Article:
NJ Judge Rules on Same-Sex Marriages
Posted: Wednesday, October 23rd, 2013 at 11:30 am
New Jersey is in a bit of a legal uproar when it comes to civil unions and marriages. Despite where the state’s legislature and governor wanted to be, a state judge ordered on September 27, 2013, same-sex couple could enter civil marriages. This decision was confirmed again by the same judge when the state tried to file a motion to argue the matter. As a result, the decision will become effective on Monday, October 21, 2013.
The state’s motion was no surprise; it was an attempt to temporarily stay the original order on civil marriages until the state supreme court had a chance to hear the matter. However, the trial judge wasn’t about to cooperate on a delay. She summed her logic to force the issue to reality as follows:
• The State of New Jersey was not going to suffer any immediate or irreversible harm by the order.
• The State has very little chance of success on an appeal of the order.
• On an equity basis, allowing a delay would not be fair to those who would benefit from the order. While the parties benefiting would be harmed, the state would not suffer any harm from an immediate implementation.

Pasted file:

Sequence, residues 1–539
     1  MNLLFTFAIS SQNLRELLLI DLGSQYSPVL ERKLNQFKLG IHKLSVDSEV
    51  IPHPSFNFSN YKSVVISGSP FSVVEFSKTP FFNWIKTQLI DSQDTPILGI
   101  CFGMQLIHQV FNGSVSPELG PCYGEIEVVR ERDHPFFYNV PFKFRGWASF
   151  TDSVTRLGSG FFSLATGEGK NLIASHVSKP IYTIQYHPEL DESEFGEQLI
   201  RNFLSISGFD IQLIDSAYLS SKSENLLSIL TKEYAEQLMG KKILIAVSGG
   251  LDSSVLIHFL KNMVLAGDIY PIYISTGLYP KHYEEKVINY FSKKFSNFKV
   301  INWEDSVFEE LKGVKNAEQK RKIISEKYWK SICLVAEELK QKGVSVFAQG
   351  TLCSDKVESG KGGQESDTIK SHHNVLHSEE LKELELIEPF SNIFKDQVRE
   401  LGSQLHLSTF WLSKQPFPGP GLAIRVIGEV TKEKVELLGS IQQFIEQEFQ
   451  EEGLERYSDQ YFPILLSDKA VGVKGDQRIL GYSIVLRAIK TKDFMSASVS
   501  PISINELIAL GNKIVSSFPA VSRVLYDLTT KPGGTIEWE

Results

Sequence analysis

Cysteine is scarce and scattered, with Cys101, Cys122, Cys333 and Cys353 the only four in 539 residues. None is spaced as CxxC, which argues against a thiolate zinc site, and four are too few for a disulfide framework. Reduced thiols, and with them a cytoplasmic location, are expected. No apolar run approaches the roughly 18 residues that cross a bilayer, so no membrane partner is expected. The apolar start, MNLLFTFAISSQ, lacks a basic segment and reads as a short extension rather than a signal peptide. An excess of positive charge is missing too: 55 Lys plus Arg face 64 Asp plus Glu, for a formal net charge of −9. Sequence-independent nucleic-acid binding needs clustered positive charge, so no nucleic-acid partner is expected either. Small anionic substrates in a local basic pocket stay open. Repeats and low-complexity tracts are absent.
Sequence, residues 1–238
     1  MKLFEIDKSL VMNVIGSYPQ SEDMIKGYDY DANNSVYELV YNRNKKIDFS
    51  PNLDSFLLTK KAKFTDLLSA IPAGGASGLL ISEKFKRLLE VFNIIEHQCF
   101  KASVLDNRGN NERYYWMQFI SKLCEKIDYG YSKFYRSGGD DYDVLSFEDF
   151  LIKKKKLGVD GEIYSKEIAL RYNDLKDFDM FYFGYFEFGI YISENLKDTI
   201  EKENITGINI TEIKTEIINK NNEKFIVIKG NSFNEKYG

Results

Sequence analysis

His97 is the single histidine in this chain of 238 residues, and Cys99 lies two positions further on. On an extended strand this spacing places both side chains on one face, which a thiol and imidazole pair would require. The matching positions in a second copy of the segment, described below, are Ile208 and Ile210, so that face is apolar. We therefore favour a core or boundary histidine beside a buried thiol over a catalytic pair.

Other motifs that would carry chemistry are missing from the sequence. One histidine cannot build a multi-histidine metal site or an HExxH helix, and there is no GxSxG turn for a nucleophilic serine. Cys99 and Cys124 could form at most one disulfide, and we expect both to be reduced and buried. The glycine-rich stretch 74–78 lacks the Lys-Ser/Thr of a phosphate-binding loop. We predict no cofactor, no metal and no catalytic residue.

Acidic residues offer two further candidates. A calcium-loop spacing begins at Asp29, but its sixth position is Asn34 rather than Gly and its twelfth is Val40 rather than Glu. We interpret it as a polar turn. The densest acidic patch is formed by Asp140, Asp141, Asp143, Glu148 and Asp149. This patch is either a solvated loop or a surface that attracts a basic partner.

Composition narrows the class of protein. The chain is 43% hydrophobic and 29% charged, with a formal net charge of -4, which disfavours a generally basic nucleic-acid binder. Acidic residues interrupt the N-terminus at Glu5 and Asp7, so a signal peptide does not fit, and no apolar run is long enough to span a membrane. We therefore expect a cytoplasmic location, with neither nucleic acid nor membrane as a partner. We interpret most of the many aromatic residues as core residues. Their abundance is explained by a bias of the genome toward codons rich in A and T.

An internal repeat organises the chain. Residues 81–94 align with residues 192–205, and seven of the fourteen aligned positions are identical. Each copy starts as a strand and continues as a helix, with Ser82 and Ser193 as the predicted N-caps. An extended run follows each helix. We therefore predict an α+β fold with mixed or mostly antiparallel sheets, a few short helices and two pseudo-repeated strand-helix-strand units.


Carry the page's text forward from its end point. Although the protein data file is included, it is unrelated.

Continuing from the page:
The plaintiffs who filed the case and are seen as subject to immediate impact by a delay includes six couples who are gay or lesbian as well as their children, including not being able to exercise federal marital benefits.
If there’s any consolation, the State of New Jersey is not the only jurisdiction dealing with the legal scuffle on same-sex marriage and civil unions. California clearly has been in the forefront with legalization and propositions fighting the matter both ways. Michigan’s state tax collectors took and opposite tack requiring same-sex spouses to file separate state tax returns. Ohio at the federal court level is disputing the issue of recognition of same-sex partners on death certificates. And Kentucky recently ruled same-sex spouses are required to testify in trials of their partners, unlike traditional spouses.
Ultimately, state supreme courts and state governments are going to have to define the law in an absence of a federal presence in the matter. However, the trend over time is clear; same-sex unions are coming. It’s a matter of how long the march will take by state.